The Trouble With the NSA's Haystack
The looming debate over mass metadata collection will be interesting.
Terrorism has again become one of the foremost concerns for Americans today. People are generally worried about the increased jihadi threat and look to government to ensure safety and security. While the Constitution certainly empowers the federal government to provide for the common defense of our nation, including counterterrorism measures, what it should not do is infringe on the rights of American citizens — specifically, the Fourth Amendment.
Last week, the Second Circuit Court of Appeals ruled the National Security Agency’s massive telephone metadata collection efforts are not authorized by the Patriot Act. However, the court did not rule the NSA’s actions are unconstitutional and it did not issue an order for the NSA to stop its data collection because the Patriot Act’s Section 215, which the NSA cites as its authority, is set to expire June 1. In other words, Congress must act soon anyway, and a vote is expected by May 22.
That the NSA is collecting phone records on all Americans may not seem terribly important — especially the more the public becomes accustomed to the idea — but it’s a critical issue. Like so many other things during this administration’s tenure, it pertains to the very real potential, if not actual, abuse of power.
Recall that the Patriot Act was passed following the September 11 terrorist attacks. The law was sold as a necessary counterterrorism measure to provide for better security. By and large, the law is a good one, aimed in the right places. But as with so many other laws, sometimes the consequences are less freedom and more government overreach.
There has already been squabbling in Congress over the NSA’s data collection, and the Patriot Act debate is sure to resemble a hornet’s nest. It will also pit Republicans against each other.
Already, Senate Majority Leader Mitch McConnell (R-KY), who had hoped to avoid defending the NSA, announced his unwavering support for the Patriot Act. He touted Section 215 in particular as “an important tool to prevent the next terrorist attack.” He also said, “Section 215 helps us find a needle in the haystack. But under the USA Freedom Act [which ends bulk metadata collection], there might not be a haystack at all.” He is hoping for a short-term extension that will allow the Senate to negotiate reforms.
Joining McConnell will be several other Republicans, led by the “nobody out-hawks us” John McCain (R-AZ) and Lindsey Graham (R-SC). Graham is expected to announce his candidacy for president on June 1, and may very well use his support of the Patriot Act as a launch pad for his national-security-based campaign.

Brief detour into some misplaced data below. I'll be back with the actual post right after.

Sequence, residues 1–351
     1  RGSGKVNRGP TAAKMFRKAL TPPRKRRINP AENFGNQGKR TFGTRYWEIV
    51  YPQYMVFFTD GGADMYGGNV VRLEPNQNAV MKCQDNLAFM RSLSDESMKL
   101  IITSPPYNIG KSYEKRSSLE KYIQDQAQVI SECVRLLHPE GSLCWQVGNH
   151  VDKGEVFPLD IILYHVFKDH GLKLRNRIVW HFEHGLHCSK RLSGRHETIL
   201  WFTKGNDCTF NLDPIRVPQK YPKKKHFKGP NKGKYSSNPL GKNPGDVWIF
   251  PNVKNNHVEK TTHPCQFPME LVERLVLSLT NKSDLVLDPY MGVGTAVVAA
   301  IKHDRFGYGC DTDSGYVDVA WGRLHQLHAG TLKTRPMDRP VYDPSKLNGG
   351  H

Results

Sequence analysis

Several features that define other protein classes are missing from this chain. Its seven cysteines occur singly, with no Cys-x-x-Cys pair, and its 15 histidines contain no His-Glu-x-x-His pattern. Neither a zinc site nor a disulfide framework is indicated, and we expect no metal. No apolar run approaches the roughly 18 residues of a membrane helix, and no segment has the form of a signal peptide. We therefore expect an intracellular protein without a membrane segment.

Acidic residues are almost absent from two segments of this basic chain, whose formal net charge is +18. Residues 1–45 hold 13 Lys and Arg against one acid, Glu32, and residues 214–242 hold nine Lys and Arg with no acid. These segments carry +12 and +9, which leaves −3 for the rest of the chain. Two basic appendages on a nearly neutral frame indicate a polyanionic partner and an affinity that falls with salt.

Meanwhile, Sen. Rand Paul (R-KY), another 2016 presidential candidate, staunchly opposes the NSA surveillance program. In fact, after the Second Circuit’s ruling, he declared, “Congress should immediately repeal the Patriot Act provisions and pass my Fourth Amendment Preservation and Protection Act.” He intends to mount a filibuster against reauthorizing the Patriot Act.
Paul won’t be alone, as other conservatives are likely to join the fight and at least one Democrat, Senator Ron Wyden from Oregon, has voiced opposition to the NSA surveillance program as well.
In 2013, Rep. James Sensenbrenner (R-WI), chief author of the Patriot Act, explained the difference between the law itself and the NSA’s interpretation: “This is the difference between using a rifle shot to get the phone records of somebody that we have great suspicion is involved in terrorist activity [and] using a blunderbuss to grab the whole haystack and to try to find the needle in it.” His metaphor wasn’t the best, but he clearly never intended the NSA’s broad reading of Section 215.
After all, as Reason’s Jacob Sullum notes, “Usually when someone says a proposal is like looking for a needle in a haystack, he is not recommending it; he is suggesting the idea is misguided and bound to fail.”
While we don’t like to see GOP infighting, at least they will be wrestling over an issue that pertains to the Constitution.
With all of the Obama administration’s scandals and abuse of power, why should Congress trust that the NSA surveillance program won’t be abused for political means? There is certainly a place for tough counterterrorism measures, but such sweeping collection of phone records when there is no relevance or reasonable grounds to believe a call is linked to terrorism is unwarranted, unconstitutional and unwanted by those of us who cherish Liberty. The Patriot Act has its place, but the balance between Liberty and security is paramount.